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Open Daily: 10am - 10pm | Alley-side Pickup: 10am - 7pm
3038 Hennepin Ave Minneapolis, MN
612-822-4611
The Eutopia Experiment

The Eutopia Experiment

Paperback

Science Fiction

ISBN13: 9798685966742
Publisher: Independently Published
Published: Sep 13 2020
Pages: 174
Weight: 0.53
Height: 0.37 Width: 6.00 Depth: 9.00
Language: English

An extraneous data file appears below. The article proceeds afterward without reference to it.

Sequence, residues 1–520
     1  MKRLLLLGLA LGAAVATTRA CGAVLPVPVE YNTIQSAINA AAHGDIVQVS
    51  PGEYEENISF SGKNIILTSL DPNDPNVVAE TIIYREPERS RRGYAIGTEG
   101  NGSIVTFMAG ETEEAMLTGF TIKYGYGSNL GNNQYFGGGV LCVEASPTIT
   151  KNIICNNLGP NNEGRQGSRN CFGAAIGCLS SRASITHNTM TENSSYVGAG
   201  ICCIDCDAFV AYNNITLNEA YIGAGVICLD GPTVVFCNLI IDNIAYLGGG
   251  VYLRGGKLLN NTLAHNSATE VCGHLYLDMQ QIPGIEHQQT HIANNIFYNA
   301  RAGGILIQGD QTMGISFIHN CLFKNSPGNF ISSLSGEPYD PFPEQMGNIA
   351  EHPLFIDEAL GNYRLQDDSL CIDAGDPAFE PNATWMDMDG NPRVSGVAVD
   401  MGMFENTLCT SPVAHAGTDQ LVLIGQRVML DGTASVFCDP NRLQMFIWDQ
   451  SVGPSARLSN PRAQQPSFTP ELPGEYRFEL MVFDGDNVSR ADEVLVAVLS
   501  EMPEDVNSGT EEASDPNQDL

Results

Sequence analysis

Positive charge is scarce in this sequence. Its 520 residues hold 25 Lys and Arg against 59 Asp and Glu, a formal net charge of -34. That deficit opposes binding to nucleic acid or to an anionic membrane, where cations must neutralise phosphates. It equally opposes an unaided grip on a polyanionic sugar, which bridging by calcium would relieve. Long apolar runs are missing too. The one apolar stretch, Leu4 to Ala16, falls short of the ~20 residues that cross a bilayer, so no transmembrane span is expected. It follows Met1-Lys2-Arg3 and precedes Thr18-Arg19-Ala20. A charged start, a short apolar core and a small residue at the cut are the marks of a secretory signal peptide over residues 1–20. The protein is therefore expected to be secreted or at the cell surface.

Etta spends all the time she can in her home away from home, where she rides her bike and plays arcade games. But when the time comes to go to her real home, she pushes a plastic button on the back of her neck to exit the Simulation. The Simulation is of the year 1984, and is Etta's escape from a shit existence. The real world is the year 2056, which has been ravaged by climate change and wars. Yet though the house she shares with her mother is filthy and barely big enough to fit their bed, they have a big-screen TV and VR entertainment. No one works, and they don't even think about not having to pay for anything. There are no schools, no literacy, no knowledge of anything outside their immediate experience. Media is mindless drivel, when it's not fomenting race war. Etta's clan is always in conflict with other clans that aren't black like hers. There's nowhere to go, and leaving the house is deadly anyway. The Simulation was intended to use technology to show how life could be if working people were empowered, that is if democracy actually functioned. The Simulation was intended to show an alternate 1984 from the one that actually happened, where the state of the world not only appeared idyllic but truly was. But it didn't work out that way. The Authority decides what content is available, and it censored the Eutopia of any information that might foment rebellion against them, for anyone to even know the Authority exists. The next day when Etta returns to 1984, things have changed. She and her best friend Eva don't appear as white guys, as they've chosen to be. They're attacked by others in the Simulation, and when they try to leave they find their exit buttons are gone. The neutral denizens who've guided them all along with suggestions of things to do, are now gibbering about the Authority and how democracy was destroyed. They also tell Etta to play a Game, that winning it will help them. Others in the Simulation appear to only become part of the descending chaos and violence. But Etta decides to play the Game, seeing no other way out. She and Eva are led by the Game through particular sites in their city in 1984, into ever greater danger as the day passes. Etta comes to realize in the process that the Authority is something in her real world. She learns there's a place called the Island near her real home, where the elite live in luxury. She's told that if she wins the Game, her reward is to not only exit the Simulation but move to the Island. In the end, Etta learns why she and everyone else was trapped in the Simulation, and why many died. She learns why the Game was initiated at the same time, and how it all relates to the Authority. In the end, Etta learns how the Authority itself can be removed and people like her empowered in its place.

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